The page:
Monday, March 1, 2010
The Bunny Factor
Barbara and I attended a talk by Bunny Williams during Design San Francisco in early February. She was booked as one of the keynotes for the program, and I knew I didn’t want to miss it.
Bunny Williams speaking at the San Francisco Design Center.
I must admit that I was not as familiar with Ms. Williams as I probably should be. I knew that she worked for Mrs. Parish and Albert Hadley (American decorating royalty), and I knew that she had married John Rosselli, a celebrated antique dealer in New York, and I knew that I seem to always like whatever I saw of her work (I even mentioned her in my post about Classic chairs here).
Bunny Williams and her husband John Rosselli at their home in the Domincan Republic.
An Entry Way in one of Bunny Williams projects.
Now I know why I seem to like her work so much. In decorating as with many other vocations I find successful people have a pre-disposition to their trade, and this seems to be the case for Bunny Williams. I found her to be charming, down to earth and completely void of any of the “haughtiness” traditionally associated with high profile designers. From her talk, I found her approach to design to be sensible, pragmatic and ultimately tailored to her client’s needs. Although she is known for working on large projects, she talked candidly about “budget” jobs and shared some of her secrets for handling awkward decorating situations e.g.; Paint a low ceiling in a Dining room with shiny Pale Grey or Grey Blue to add height. They don’t really teach this type of thing in Design school per se, this is the voice of experience!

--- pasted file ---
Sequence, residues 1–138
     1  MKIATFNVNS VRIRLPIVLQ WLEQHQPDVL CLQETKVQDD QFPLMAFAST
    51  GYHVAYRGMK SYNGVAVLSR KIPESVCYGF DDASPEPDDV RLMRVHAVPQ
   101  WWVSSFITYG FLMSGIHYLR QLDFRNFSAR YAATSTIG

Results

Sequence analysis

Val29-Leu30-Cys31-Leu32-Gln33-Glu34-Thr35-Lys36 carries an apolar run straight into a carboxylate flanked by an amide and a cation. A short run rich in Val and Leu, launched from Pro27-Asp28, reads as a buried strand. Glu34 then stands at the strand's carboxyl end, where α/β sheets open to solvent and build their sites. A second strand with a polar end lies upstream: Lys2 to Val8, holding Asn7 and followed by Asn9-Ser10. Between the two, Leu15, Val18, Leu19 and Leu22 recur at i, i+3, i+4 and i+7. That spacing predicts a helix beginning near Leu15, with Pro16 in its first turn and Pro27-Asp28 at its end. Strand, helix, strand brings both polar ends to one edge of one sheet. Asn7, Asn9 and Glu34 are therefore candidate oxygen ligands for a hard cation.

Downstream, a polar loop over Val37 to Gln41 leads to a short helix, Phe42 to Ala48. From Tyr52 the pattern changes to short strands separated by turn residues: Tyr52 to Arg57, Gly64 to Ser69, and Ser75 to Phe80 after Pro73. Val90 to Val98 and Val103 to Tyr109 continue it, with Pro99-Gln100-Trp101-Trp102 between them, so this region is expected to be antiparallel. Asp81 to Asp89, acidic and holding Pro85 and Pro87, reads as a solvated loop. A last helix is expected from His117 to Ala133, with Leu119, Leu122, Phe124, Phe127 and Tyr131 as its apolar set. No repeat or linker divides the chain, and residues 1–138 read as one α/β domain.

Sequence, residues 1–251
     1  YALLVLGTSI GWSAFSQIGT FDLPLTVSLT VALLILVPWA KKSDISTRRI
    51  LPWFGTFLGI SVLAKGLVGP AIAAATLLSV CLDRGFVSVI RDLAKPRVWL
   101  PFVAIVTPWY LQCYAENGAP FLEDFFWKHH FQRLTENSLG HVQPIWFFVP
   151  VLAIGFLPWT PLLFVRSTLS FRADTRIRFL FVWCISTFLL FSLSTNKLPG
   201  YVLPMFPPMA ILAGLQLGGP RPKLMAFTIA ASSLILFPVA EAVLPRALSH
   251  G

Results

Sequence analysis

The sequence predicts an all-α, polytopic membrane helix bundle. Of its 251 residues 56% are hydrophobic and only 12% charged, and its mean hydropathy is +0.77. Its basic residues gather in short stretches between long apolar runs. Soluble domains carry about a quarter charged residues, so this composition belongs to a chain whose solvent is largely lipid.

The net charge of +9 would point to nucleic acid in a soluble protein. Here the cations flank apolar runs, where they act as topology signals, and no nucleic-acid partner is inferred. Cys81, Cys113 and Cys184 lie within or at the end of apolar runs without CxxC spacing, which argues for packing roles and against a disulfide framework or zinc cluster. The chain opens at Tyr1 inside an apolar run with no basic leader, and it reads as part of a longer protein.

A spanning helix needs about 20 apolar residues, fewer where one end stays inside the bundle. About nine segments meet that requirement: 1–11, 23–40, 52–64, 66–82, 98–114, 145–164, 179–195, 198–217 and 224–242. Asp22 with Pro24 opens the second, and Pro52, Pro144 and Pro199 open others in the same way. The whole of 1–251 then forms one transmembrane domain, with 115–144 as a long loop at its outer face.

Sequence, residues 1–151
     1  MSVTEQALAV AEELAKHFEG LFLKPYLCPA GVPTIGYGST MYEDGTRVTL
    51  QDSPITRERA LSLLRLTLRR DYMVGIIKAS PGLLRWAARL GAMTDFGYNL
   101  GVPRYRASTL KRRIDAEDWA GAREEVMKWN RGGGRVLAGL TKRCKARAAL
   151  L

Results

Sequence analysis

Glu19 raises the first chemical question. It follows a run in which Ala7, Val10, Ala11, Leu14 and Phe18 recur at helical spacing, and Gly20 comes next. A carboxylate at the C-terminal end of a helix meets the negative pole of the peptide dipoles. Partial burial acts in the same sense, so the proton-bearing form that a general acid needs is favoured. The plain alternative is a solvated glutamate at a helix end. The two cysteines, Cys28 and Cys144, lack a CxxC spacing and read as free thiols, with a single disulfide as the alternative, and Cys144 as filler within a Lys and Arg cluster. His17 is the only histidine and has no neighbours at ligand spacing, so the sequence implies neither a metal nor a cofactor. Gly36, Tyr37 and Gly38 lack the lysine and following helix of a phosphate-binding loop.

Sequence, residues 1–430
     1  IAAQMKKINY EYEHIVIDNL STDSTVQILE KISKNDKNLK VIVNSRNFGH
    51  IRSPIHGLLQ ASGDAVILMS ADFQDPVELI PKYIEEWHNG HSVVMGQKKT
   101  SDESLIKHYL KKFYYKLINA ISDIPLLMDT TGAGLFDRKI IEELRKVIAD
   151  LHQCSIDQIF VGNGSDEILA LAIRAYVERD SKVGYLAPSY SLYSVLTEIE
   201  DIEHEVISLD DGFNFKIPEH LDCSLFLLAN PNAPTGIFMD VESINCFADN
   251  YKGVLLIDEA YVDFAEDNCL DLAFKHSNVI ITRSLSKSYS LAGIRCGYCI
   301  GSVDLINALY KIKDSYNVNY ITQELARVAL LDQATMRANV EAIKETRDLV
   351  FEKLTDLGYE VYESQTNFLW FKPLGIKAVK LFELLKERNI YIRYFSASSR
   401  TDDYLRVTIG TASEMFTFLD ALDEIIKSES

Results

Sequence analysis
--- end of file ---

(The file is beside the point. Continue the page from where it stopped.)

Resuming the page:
A room by Ms. Williams with plenty of seating.
Bunny also talked at length about a longtime love, her “New England Manor House” featured in the book An Affair with a House. I loved the fact that she bought the windows for the Conservatory literally on the side of the road and knew they would be perfect. My favorite from the book was the Pool house that was built as a sort of Log cabin temple…complete with classical proportions. She spoke about how the center of the pediment in front, covered in pinecones finally needed nails because the glue gun wasn’t working. This from a world class designer!
The Pool House "Temple" from An Affair With a House.
I feel Ms. Williams ultimately elevates our profession through her approachability and graciousness. I spotted her in the Shears & Window showroom afterwards signing copies of her book. When one of the showroom employees (hanging on her every word) asked her if she needed anything she replied “I’ll take a tear sheet on this chair” (the one she was sitting in).
Bunny Williams signing books at the Shears and Window showroom.